Moral Hazard and Clear Conscience
AbstractThe paper studies theoretically how the optimal contract in the hidden-action moral hazard model is affected when an agent feels bad when not reaching a target effort set in the contract. While the presence of guilt brings the outcome closer to first-best, an effort target is not costless for the principal. In equilibrium, the agent’s effort falls short of the target, inducing guilt which must be compensated by a higher financial reward. Thus, although the principal’s payoff is higher, the agent receives a part of the monetary rents accruing to intrinsic motivation. This result differs markedly from previous contributions on contracting under social preference or pro-social motivation.
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Bibliographic InfoPaper provided by Stockholm Institute of Transition Economics, Stockholm School of Economics in its series SITE Working Paper Series with number 4.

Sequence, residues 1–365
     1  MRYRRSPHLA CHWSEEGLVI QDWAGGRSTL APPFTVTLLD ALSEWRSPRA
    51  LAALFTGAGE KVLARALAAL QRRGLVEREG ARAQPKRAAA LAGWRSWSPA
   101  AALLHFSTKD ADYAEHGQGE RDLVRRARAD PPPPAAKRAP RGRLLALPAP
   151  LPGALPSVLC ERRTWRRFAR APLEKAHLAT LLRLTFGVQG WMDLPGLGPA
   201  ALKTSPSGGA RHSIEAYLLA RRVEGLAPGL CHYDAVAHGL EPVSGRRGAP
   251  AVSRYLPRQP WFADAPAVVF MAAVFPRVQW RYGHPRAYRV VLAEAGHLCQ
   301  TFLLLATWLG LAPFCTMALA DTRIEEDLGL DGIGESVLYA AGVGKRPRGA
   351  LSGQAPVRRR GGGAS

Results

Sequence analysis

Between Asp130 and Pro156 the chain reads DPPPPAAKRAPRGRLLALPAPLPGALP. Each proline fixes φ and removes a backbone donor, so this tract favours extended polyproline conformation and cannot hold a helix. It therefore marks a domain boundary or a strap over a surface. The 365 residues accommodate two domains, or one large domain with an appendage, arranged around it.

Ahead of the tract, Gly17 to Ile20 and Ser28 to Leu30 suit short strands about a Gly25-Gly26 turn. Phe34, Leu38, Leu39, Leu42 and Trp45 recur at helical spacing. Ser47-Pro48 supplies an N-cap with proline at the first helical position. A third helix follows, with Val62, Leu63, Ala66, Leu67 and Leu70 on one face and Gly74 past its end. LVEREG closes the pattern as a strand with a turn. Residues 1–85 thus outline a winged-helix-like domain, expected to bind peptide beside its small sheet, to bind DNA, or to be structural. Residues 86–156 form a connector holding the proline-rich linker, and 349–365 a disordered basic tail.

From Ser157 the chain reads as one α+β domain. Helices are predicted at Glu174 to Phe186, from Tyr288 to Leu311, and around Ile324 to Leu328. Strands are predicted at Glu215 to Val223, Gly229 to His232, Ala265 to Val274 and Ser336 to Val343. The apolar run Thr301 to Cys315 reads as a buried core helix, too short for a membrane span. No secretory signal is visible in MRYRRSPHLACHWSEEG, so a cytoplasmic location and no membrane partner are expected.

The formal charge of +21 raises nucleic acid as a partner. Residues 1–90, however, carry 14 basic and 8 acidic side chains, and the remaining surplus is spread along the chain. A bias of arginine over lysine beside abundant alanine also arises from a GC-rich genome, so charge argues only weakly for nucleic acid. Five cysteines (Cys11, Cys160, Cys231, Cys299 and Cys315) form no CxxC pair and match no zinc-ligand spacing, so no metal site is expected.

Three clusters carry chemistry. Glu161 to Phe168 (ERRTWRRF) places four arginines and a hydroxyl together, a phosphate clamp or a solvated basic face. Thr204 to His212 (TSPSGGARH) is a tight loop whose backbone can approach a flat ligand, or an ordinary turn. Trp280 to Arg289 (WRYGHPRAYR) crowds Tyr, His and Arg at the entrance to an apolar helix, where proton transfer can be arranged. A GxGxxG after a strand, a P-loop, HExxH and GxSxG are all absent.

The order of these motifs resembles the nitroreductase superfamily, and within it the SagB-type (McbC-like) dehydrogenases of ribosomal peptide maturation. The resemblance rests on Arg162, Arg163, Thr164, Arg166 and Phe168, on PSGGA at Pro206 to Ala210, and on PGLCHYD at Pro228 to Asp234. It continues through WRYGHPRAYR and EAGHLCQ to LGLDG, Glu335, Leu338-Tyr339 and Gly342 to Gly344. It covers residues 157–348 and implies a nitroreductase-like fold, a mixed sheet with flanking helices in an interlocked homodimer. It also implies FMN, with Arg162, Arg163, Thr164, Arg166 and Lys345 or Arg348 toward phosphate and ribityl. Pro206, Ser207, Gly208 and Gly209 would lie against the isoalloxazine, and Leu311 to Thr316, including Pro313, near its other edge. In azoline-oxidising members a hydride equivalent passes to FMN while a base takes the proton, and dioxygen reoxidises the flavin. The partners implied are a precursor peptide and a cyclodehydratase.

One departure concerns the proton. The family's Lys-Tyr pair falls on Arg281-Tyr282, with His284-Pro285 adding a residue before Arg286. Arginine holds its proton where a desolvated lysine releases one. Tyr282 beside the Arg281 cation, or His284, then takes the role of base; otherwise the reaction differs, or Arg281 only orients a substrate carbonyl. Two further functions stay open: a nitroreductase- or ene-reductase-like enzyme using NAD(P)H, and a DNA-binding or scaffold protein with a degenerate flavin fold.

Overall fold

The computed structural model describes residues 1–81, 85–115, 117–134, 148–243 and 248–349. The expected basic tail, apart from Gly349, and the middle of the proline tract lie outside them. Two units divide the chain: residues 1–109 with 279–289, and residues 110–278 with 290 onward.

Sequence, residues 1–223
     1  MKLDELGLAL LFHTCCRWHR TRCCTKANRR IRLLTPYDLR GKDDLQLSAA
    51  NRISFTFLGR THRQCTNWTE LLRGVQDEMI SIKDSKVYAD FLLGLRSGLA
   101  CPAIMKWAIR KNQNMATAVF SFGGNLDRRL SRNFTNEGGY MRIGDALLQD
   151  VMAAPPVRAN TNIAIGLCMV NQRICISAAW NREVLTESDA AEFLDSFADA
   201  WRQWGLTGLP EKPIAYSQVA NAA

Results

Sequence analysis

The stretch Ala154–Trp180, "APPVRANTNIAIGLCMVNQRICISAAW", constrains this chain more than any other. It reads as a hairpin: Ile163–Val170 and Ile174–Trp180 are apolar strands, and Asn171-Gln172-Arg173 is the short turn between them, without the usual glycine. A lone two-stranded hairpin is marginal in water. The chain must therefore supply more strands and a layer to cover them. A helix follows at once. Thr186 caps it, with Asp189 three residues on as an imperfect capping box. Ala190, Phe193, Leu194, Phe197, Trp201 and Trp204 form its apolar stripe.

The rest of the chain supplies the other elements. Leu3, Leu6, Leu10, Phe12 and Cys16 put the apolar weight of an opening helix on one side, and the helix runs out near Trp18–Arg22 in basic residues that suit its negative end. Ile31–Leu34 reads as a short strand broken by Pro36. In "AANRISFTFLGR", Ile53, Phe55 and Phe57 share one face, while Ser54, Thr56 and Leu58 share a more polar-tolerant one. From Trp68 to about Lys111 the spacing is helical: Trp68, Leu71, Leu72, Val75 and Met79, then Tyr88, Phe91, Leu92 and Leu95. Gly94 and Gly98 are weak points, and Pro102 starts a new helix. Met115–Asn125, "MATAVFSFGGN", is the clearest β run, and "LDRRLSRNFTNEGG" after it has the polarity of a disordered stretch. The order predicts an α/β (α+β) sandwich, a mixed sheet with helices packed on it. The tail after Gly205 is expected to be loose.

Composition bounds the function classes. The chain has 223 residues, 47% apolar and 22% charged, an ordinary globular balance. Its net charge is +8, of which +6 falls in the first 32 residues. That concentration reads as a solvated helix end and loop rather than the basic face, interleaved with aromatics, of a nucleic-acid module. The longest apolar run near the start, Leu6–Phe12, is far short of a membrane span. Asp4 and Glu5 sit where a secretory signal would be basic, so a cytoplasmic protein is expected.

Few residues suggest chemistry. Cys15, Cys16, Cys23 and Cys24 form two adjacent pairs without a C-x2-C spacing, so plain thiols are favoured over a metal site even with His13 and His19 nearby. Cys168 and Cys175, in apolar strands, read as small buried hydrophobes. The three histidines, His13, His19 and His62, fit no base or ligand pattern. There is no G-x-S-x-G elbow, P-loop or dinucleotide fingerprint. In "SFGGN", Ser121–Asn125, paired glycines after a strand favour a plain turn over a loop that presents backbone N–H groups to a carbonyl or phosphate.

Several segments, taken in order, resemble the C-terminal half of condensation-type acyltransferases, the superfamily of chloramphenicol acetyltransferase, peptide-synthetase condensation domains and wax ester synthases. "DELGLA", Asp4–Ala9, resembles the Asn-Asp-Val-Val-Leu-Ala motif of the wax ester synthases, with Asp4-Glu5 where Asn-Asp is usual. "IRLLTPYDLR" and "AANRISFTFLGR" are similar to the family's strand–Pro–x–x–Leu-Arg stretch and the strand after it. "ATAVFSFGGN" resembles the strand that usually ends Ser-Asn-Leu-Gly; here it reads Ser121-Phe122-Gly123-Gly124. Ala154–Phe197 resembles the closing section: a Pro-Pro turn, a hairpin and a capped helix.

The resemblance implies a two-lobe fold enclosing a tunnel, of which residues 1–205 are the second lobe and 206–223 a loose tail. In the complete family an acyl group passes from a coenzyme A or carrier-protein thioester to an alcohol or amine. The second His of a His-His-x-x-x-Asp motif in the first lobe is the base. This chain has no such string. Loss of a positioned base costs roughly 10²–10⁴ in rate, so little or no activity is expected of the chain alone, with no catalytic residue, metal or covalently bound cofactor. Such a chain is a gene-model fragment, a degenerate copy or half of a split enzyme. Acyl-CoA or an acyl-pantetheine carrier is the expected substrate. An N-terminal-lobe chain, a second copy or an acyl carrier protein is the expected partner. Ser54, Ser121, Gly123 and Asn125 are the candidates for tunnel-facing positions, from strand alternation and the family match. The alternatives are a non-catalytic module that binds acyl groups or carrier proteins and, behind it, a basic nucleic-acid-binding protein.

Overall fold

Length: 19 pages
Date of creation: 08 Sep 2009
Date of revision:
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Postal: Stockholm Institute of Transition Economics, Stockholm School of Economics, P.O. Box 6501, SE-113 83 Stockholm, Sweden
Phone: (+46 8) 736 9670
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More information through EDIRC
Moral Hazard; Norms; Agency; Social Preferences; Guilt; Work Ethic;
Other versions of this item:
- Topi Miettinen, 2011. "Moral Hazard and Clear Conscience," Journal of Institutional and Theoretical Economics (JITE), Mohr Siebeck, Tübingen, vol. 167(2), pages 224-235, June.
- C72 - Mathematical and Quantitative Methods - - Game Theory and Bargaining Theory - - - Noncooperative Games
- D82 - Microeconomics - - Information, Knowledge, and Uncertainty - - - Asymmetric and Private Information; Mechanism Design
- Z13 - Other Special Topics - - Cultural Economics - - - Economic Sociology; Economic Anthropology; Social and Economic Stratification
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